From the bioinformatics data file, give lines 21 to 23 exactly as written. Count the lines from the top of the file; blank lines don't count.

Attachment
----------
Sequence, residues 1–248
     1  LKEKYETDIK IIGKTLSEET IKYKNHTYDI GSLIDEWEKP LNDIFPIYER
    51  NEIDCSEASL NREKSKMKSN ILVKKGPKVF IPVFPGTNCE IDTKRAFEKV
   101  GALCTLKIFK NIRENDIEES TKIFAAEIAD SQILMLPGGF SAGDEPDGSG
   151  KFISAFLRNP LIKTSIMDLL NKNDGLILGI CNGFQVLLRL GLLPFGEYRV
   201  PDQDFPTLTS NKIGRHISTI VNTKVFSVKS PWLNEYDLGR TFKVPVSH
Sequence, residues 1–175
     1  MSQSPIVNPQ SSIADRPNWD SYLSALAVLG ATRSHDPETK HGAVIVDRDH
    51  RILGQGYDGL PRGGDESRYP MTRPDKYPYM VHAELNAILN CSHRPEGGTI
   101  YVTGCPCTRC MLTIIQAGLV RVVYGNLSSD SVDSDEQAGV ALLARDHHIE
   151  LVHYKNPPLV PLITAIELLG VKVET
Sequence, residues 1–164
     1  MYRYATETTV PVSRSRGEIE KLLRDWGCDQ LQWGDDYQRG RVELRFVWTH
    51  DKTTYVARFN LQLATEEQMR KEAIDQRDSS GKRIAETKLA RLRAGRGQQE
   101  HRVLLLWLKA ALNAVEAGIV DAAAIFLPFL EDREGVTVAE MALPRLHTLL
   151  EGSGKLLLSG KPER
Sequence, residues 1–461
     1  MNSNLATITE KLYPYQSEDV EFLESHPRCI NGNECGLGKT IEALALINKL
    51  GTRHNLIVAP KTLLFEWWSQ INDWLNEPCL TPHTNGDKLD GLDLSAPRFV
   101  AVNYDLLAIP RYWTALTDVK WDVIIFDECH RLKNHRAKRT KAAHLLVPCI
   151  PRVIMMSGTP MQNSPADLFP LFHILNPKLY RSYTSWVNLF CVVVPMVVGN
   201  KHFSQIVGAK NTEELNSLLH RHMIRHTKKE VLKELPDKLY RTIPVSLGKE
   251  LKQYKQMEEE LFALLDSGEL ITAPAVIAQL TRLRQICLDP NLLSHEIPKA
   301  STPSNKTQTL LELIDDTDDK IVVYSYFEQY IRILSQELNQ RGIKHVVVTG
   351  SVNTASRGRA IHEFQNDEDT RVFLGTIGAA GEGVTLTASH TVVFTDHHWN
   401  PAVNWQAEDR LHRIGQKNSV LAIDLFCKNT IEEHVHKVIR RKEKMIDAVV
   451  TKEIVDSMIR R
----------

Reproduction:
   151  PRVIMMSGTP MQNSPADLFP LFHILNPKLY RSYTSWVNLF CVVVPMVVGN
   201  KHFSQIVGAK NTEELNSLLH RHMIRHTKKE VLKELPDKLY RTIPVSLGKE
   251  LKQYKQMEEE LFALLDSGEL ITAPAVIAQL TRLRQICLDP NLLSHEIPKA